dunnettreader + tolerance + queen_anne   2

Scott Sowerby, review - Brian Cowan, The State Trial of Doctor Henry Sacheverell | H-Albion, H-Net Reviews. August, 2014.
Cowan’s erudite edition of primary sources charts contemporary reactions to the Sacheverell trial. Cowan sees the trial as an instance of the personalization of political ideas, as long-standing debates about church and state became “focused on one figure—Sacheverell, who could now be cast as either a hero or a scoundrel, depending upon one’s politics” (p. 15, emphasis in original). Unlike so many studies of print culture that focus on production, this volume is attuned to reception, with reproductions of commonplace books and marginalia that alternately endorsed and disputed the standard printed accounts of the trial. Cowan’s edition assembles sources from eleven libraries on two continents. Most of his selections are from unpublished manuscripts; five are from publications so rare that they are found in only one repository. The footnotes alone are worth the price of admission, providing a blow-by-blow account of the trial for the uninitiated. The volume is splendidly illustrated, with photographs of manuscripts, satirical prints, engravings of Sacheverell’s portrait, and depictions of the courtroom. The extended introduction surveys the history of printed transcripts of the trial, from Jacob Tonson’s official record to competing accounts by Tory and Whig authors. A helpful timeline and a comprehensive biographical guide round out the edition.
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january 2016 by dunnettreader
BRENT S. SIROTA -- THE OCCASIONAL CONFORMITY CONTROVERSY, MODERATION, AND THE ANGLICAN CRITIQUE OF MODERNITY, 1700–1714 (2014) | The Historical Journal, 57, pp 81-105 - Cambridge Journals Online - Abstract
BRENT S. SIROTA - North Carolina State University -- The occasional conformity controversy during the reign of Queen Anne has traditionally been understood as a straightforward symptom of the early eighteenth-century ‘rage of party’. For all the pious rhetoric concerning toleration and the church in danger, the controversy is considered a partisan squabble for short-term political gain. This traditional interpretation has, however, never been able to account for two features of the controversy: first, the focus on ‘moderation’ as a unique characteristic of post-Revolutionary English society; and second, the prominence of the Anglican nonjurors in the debate. This article revisits the occasional conformity controversy with an eye toward explaining these two related features. In doing so, it will argue that the occasional conformity controversy comprised a referendum on the Revolution settlement in church and state. Nonjurors lit upon the practice of occasional conformity as emblematic of the broader malady of moderation afflicting post-Revolutionary England. From their opposition to occasional conformity, the nonjurors, and soon the broader Anglican high-church movement, developed a comprehensive critique of religious modernity that would inform the entire framework of debate in the early English Enlightenment. -* I thank James Vaughn, Steve Pincus, Bill Bulman, Robert Ingram, and the participants in the ‘God and the Enlightenment’ conference at Ohio University in October 2012 for their generous engagement with earlier drafts of this article. Thanks also to Phil Withington and the anonymous reviewers for their assistance in shaping this article into its final form.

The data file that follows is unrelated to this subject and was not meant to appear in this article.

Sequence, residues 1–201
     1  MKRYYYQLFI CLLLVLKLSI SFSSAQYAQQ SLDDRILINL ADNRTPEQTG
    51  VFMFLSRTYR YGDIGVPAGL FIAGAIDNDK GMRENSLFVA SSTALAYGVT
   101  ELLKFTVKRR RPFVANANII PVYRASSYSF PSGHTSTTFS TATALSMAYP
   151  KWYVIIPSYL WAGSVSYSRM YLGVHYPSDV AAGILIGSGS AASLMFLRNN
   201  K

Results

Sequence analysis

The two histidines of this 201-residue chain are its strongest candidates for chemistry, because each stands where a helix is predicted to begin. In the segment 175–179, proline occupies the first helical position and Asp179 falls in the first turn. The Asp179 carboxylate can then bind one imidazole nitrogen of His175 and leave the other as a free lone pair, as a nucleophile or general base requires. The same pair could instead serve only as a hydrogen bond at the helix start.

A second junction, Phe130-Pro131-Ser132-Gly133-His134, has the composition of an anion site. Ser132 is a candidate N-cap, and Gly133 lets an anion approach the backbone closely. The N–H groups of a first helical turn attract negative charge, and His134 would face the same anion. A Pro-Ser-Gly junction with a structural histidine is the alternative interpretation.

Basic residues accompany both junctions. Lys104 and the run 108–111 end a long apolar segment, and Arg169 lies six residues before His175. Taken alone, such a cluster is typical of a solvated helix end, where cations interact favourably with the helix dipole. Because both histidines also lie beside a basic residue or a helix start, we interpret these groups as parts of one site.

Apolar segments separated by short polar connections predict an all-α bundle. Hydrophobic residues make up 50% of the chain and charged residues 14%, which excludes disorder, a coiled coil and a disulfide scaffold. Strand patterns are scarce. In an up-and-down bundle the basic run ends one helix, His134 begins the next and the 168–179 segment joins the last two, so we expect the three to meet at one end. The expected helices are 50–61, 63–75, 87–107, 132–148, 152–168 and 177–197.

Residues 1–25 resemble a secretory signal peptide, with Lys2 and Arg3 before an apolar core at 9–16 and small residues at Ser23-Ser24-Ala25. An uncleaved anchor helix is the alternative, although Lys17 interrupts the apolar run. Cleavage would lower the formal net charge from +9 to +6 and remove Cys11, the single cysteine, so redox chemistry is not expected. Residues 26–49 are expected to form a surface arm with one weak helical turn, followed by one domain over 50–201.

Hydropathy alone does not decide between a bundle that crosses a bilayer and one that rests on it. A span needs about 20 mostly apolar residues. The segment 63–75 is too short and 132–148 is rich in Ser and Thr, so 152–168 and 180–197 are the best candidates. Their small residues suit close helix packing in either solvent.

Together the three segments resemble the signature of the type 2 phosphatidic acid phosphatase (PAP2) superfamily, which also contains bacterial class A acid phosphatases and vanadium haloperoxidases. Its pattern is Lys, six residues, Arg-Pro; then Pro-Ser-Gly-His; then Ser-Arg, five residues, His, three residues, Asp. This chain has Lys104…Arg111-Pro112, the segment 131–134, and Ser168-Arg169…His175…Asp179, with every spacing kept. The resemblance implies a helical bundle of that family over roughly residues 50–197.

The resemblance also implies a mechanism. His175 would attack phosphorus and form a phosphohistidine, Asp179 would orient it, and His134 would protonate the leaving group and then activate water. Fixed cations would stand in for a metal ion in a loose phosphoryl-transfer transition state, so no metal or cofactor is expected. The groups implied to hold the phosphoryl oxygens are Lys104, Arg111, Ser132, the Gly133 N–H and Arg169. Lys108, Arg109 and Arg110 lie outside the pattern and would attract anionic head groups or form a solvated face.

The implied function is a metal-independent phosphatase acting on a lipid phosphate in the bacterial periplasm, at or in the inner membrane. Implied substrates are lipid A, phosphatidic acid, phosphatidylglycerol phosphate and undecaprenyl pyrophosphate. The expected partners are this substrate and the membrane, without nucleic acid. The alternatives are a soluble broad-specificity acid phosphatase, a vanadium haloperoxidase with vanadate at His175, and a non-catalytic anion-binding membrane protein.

article  paywall  find  18thC  British_history  British_politics  1700s  1710s  occasional_conformity  nonjurors  High_Church  Church_of_England  religious_history  church_history  religious_culture  religion-established  politics-and-religion  political_press  pamphlets  political_participation  tolerance  latitudinarian  secularization  atheism_panic  partisanship  Tories  Whigs  dissenters  Whig_Junto  moderation  modernity  Enlightenment  Queen_Anne  Harley  Bolingbroke  comprehension-church  Convocation  church-in-danger  sermons  religious_lit  cultural_critique  Atterbury  popular_politics  popular_culture  Revolution_Principles  Glorious_Revolution  EF-add 
august 2014 by dunnettreader

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